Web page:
In early January, this column focused on significant changes the Florida Powerboat Club has in store for its 2018 season. Whatever your opinion of FPC founder Stu Jones, he deserves credit for making a living—and making a lot of people happy while driving business in the marine industry — through his events for almost 30 years.
As you learned if you read that column, Jones also knows he needs to change things up to keep his poker runs fresh. That’s even more challenging than his organizational duties, and after covering his events since the late 1990s I have to tip my hat to him. Shed no tears for the man — he chose his profession and he loves it — but what he does isn’t easy.
Later in January on speedonthewater.com, I reported on the Offshore Powerboat Association’s first poker run, an invitational event set for Aug. 18 in Traverse City, Mich. To be sure, an invite-only poker run is unusual, though not unheard of, in the performance-boating world. But with no entry fee, the OPA happening is particularly unusual — and intriguing.
Reporting the FPC and OPA poker run stories for the coming season left me in a philosophical mood. Since the early 2000s, the powerboat poker run format itself — cards distributed at various stops and hands played during an end-of-day celebration — hasn’t much changed. There are variations, of course, such as the Four Horsemen Poker Run on Lake Winnebago in Wisconsin where all cards are handed out at the end of the day. But for all intents and purposes, the game itself has remained the same.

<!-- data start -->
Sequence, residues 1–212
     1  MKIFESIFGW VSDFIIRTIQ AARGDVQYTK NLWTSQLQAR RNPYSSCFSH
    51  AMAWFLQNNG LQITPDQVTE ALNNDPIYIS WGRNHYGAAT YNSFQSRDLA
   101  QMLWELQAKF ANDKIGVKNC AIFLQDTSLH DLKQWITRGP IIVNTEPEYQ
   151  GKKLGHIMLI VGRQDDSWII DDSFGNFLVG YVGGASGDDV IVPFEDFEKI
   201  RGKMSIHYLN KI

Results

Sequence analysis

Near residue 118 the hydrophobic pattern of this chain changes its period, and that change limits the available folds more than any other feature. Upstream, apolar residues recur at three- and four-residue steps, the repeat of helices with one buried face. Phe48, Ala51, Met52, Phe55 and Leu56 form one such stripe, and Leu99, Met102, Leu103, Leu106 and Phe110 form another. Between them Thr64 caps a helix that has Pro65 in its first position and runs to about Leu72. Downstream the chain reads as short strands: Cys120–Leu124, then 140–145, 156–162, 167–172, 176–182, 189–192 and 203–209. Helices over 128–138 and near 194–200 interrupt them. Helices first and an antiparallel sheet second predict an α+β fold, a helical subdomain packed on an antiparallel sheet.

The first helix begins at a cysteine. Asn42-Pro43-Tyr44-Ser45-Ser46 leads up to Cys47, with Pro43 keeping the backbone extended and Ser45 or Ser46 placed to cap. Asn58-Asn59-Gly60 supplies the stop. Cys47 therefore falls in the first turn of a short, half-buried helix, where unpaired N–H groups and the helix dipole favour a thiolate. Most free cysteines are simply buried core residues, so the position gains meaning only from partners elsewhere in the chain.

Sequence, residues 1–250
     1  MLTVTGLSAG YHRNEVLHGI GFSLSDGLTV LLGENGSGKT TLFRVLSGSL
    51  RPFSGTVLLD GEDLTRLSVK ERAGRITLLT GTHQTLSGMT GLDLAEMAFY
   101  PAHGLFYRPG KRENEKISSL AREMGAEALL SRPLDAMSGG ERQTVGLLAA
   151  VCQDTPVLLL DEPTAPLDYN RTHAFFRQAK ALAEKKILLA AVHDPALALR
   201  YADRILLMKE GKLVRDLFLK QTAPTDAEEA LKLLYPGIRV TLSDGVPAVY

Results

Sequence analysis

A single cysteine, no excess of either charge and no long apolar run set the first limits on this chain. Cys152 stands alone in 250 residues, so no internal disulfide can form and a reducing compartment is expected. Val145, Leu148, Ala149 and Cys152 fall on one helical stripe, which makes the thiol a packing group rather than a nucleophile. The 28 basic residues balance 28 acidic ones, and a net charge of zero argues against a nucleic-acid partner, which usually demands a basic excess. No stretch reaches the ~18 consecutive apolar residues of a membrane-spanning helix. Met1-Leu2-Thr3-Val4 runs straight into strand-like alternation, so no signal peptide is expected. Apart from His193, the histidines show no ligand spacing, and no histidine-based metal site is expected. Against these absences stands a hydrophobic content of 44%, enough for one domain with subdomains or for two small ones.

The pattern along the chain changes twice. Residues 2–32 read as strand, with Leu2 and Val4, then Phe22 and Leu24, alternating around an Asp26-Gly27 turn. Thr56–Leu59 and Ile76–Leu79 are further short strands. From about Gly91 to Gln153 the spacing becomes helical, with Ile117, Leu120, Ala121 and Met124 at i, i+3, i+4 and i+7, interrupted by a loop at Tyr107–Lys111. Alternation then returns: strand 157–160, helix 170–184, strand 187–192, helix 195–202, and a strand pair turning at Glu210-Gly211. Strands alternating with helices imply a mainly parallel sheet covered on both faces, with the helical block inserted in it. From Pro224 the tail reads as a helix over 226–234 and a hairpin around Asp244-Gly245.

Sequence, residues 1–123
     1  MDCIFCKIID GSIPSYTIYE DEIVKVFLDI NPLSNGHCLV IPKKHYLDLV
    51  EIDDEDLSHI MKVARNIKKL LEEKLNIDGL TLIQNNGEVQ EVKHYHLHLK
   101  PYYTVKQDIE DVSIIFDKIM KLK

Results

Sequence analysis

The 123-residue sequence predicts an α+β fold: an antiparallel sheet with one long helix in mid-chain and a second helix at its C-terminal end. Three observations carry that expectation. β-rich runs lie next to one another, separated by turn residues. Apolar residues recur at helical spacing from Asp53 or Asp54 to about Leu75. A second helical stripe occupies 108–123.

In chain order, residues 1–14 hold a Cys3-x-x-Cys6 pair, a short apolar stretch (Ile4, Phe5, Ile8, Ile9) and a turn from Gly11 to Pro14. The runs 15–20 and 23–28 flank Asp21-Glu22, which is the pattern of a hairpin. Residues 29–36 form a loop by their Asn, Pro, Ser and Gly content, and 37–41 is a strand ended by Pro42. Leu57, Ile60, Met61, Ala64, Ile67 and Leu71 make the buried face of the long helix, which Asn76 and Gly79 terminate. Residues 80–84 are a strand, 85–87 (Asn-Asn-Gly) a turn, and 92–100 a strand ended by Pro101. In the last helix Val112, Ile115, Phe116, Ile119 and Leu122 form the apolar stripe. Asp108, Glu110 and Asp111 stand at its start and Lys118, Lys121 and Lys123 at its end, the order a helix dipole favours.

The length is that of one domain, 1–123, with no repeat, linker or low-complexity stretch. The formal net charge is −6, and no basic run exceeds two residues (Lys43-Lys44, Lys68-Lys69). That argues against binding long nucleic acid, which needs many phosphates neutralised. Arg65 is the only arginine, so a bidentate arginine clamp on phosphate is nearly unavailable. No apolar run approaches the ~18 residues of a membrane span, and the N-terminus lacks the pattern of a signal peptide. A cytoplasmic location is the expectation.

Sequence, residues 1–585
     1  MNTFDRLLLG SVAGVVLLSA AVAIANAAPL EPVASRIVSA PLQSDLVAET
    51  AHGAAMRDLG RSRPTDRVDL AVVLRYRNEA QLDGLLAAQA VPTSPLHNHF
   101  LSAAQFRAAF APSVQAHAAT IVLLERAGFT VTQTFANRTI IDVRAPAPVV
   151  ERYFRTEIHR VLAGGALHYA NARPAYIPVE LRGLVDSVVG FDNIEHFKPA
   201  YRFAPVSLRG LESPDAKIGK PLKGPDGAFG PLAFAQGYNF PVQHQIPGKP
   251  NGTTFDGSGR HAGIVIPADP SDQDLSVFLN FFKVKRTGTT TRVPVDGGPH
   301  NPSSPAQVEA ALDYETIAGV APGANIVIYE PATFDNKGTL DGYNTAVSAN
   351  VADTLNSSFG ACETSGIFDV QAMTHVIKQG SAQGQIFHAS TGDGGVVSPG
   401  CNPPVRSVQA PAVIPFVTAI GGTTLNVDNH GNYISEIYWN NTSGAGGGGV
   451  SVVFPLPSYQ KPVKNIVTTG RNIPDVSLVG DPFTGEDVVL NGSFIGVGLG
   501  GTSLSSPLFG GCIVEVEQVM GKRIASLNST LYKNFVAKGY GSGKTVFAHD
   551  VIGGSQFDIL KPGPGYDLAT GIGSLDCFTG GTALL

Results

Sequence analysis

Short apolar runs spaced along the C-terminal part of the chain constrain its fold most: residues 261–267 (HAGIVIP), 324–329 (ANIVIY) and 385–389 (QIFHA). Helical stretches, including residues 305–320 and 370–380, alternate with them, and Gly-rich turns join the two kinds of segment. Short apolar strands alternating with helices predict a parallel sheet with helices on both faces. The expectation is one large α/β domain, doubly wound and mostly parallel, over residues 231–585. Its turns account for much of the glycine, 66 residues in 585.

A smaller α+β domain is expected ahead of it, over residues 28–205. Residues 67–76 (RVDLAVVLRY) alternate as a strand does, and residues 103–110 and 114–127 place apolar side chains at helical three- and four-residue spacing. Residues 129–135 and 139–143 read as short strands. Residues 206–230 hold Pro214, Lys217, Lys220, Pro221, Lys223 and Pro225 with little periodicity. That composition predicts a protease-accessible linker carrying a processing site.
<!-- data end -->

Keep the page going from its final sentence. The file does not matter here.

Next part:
Yet regardless of the purse, the poker run hands and the prospect of winning hold little overall importance and have zero bearing on which events you choose to attend. After all, your chances of winning any dough, much less enough to cover your weekend fuel and bar tab, are slim. The idea of winning is attractive, no doubt, but it doesn’t drive your poker run participation decisions.
So then, what does? Of course, schedule — meaning your precious free time during the boating season — is huge. So, too, is event proximity. Most of the participants at the annual Boyne City Poker Run in Michigan, for example, are from that state or its adjacent states.
But beyond picking events that fit into your when and where, what attracts you to one over another on a given weekend during the boating season? Of course, you want to go where your boating friends are going. That’s a no-brainer. But there has to be something more than that.
Is it the boating environment? The hardware likely to participate? What’s happening in the host community during the run? The charity benefitting from the event? The party scene?
Does food quality during the lunch stop and awards dinner factor into your decision? How about lodging and marina facilities?
With so many poker runs to choose from each year, chances are excellent you can find at least one that checks all the boxes on your list. In fact, I’d gently suggest that if you do your homework and ask the right questions — and the best way to accomplish that is talking to past event participants — you never have to head home from a poker run disappointed.
But first, you have to know what you want from a poker run. So what is it?
Matt Trulio is an award-winning journalist who has covered the high-performance powerboat world since 1995. He wrote for Powerboat magazine for 17 years and was the magazine’s editor at large until it ceased publication in 2011. Trulio is the founder, editor-in-chief and publisher of speedonthewater.com, a daily news site that covers the high-performance powerboat realm. He’s also the former editor of Sportboat magazine.